But one dead lamb is there !
But has one vacant chair !
And mournings for the dead;
Will not be comforted !
Not from the ground arise,
Assume this dark disguise.
300. BEREAVEMENT. Parable of We clutch our joys as children do their flowers; We look at them, but scarce believe them ours, Till our hot palms have smirch'd their colours rare, And crush'd their dewy beauty unaware. But the wise Gardener, whose they were, comes by, At hours when we expect not, and with eye Mournful yet sweet, compassionate though stern, Takes them.
Then in a moment we discern Your grief may smite the sky; no echo shall reply! By loss, what was possession, and half-wild
Your stormy grief is vain ! With misery, cry out like an angry child :
To will what God doth will, is for us the only skill Oh, cruel! thus to snatch my posy fine !'
To cure this bitter pain.-From 'Exotics.'
302. BEREAVEMENT. Silent worship in Our fatal cherishing, our dangerous love;
| When some beloveds, 'neath whose eyelids lay At which we, chidden, a pale silence keep;
The sweet lights of my childhood, one by one Yet evermore must weep, and weep, and weep.
Did leave me dark before the natural sun, So on through gloomy ways and thorny brakes,
And I astonied fell, and could not pray; Quiet and slow, our shrinking feet He takes,
A thought within me to myself did say, Led by the soiled hand, which, laved in tears,
*Is God less God, that thou art mortal sad? More and more clean beneath His sight appears.
Rise, worship, bless Him, in this sackcloth clad, At length the heavy eyes with patience shine :
| As in that purple !' But I answer, nay ! *I am content. Thou took'st but what was Thine.'
What child his filial heart in words conveys, And when He us His beauteous garden shows,
If him for very good his father choose Where bountiful the Rose of Sharon grows;
To smite? What can he, but with sobbing breath Where in the breezes opening spice-buds swell,
Embrace the unwilling hand which chasteneth ? And the pomegranate yields a pleasant smell;
And my dear Father, thinking fit to bruise, While to and fro peace-sandall'd angels move
Discerns in silent tears both prayer and praise. In the pure air that they--not we-call Love :
E. B. Browning An air so rare and fine, our grosser breath Cannot inhale till purified by death.
303. BEREAVEMENT. Solace in And thus we, struck with longing joy, adore,
But God gives patience, Love learns strength, And satisfied, wait mute without the door,
And Faith remembers promise, Until the gracious Gardener maketh sign,
And Hope itself can smile at length 'Enter in peace. All this is mine—and thine.'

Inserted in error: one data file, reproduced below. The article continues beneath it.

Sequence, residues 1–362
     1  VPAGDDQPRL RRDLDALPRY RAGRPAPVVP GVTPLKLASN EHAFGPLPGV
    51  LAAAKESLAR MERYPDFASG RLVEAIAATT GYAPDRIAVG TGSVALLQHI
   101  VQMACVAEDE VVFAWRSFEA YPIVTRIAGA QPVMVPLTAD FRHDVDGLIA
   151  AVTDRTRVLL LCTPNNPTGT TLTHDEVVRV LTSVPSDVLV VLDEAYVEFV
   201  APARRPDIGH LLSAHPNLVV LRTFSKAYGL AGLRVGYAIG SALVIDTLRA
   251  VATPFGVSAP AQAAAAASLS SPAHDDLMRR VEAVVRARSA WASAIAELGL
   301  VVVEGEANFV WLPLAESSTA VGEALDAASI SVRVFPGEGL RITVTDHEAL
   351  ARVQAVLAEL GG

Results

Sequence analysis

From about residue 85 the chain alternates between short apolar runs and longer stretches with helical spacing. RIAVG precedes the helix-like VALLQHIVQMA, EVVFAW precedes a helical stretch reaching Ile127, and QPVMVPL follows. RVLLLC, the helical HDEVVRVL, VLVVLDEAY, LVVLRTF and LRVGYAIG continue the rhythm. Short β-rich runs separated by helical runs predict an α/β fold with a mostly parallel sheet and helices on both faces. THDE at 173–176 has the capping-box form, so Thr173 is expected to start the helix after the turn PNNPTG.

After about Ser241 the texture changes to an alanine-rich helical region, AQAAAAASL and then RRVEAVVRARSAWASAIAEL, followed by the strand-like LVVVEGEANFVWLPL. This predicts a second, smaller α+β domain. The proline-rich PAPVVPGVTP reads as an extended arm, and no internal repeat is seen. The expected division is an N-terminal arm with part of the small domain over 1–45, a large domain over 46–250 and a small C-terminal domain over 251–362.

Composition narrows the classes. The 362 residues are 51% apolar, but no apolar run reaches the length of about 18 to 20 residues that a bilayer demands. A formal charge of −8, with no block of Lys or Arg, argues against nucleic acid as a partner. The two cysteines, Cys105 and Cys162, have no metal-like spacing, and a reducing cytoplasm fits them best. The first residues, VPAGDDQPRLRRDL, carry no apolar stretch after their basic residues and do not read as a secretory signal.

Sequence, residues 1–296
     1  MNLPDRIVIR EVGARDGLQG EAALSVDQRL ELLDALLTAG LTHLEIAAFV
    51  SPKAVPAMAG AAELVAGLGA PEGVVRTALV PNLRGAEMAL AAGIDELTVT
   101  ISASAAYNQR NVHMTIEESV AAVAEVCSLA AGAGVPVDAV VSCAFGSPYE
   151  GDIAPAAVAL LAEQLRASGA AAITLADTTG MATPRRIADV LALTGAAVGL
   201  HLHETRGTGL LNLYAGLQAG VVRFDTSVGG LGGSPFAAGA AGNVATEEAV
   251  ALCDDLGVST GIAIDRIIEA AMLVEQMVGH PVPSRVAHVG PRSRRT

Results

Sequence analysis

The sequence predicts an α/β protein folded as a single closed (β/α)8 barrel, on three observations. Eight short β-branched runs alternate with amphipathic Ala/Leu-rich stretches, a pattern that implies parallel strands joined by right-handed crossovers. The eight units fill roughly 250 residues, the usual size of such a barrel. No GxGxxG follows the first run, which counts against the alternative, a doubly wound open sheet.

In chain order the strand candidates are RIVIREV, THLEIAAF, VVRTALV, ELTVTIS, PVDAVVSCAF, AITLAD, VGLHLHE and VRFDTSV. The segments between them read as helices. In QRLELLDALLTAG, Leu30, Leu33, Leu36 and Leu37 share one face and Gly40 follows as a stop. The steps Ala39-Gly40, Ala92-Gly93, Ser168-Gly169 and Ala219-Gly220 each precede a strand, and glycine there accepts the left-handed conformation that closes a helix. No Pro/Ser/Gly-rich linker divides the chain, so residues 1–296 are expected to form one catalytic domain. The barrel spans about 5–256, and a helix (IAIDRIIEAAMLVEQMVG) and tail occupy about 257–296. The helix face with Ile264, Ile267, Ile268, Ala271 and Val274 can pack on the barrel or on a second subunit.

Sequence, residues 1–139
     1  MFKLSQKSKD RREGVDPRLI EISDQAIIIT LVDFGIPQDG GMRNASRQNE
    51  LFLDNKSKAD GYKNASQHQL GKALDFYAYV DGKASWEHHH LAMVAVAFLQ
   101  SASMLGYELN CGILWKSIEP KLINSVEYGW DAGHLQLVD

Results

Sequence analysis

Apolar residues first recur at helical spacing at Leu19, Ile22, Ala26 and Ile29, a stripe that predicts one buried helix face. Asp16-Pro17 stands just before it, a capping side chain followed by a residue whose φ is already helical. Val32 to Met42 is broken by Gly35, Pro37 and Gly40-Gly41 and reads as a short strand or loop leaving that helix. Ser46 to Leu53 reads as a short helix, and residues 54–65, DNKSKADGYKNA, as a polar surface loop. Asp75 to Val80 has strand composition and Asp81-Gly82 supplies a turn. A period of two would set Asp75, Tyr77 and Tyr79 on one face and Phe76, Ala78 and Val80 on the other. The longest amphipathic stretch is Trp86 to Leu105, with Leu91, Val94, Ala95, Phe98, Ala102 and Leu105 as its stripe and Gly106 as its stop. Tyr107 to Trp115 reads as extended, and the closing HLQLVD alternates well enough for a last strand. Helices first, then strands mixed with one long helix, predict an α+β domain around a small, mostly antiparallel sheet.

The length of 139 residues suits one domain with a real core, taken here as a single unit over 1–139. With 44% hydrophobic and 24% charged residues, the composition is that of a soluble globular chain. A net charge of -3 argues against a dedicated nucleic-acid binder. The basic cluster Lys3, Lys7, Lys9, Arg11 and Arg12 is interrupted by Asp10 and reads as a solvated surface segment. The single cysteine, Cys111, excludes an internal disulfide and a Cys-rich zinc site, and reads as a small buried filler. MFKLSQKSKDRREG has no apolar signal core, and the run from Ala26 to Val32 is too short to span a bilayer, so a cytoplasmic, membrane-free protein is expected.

On other hopes gone from us.
Love, strong as Death, shall conquer Death, 301. BEREAVEMENT: should not inspire bit
Through struggle made more glorious ; ter grief.
This mother stills her sobbing breath,
Renouncing, yet victorious. SHALL the seasons bring no end to your sorrow, O my friend,
Arms, empty of her child, she lifts As you journey on your way?
With spirit unbereaven,And your bitterness of grief find no comfort, no relief,
"God will not all take back His gifts, But grow deeper day by day?
My Lily's mine in heaven!'-E. B. Browning.
Shall it thus confuse your mind, till no outlet you
304. BEREAVEMENT. Submission in can find From a labyrinth of woe;
I MURMUR not, Father, my will is with Thee : That your daughter sleeps in peace, where earthly! I knew at the first that my darling was Thine : trials cease,
| Hadst Thou taken him earlier, O Father! but see, And where we all must go ?
Thou hadst left him so long that I dream'd he was
mine.–Faber. If, in answer to your prayer, she had gone with snowy hair,
305. BEREAVEMENTS ; not to be forgotten. And bent with age, above, Would the angels come to meet her with welcome
They are poor
That have lost nothing; they are poorer far any sweeter Than their present tones of love?
Who, losing, have forgotten ; they most poor
Of all, who lose and wish they MIGHT forget.
There runs a thread of gold that glitters fair,
Where there are sombre colours.-Jean Ingelow.
306. BESETTING SIN. Power of
Thine, thine, this book, though given
In man's poor human speech, LORD, with what care hast Thou begirt us round !
Telling of things unseen, unheard,
Beyond all human reach.
Against this sea-swept rock
Ten thousand storms their will Afflictions sorted, anguish of all sizes,
Of foam and rage have wildly spent ;
It lifts its calm face still.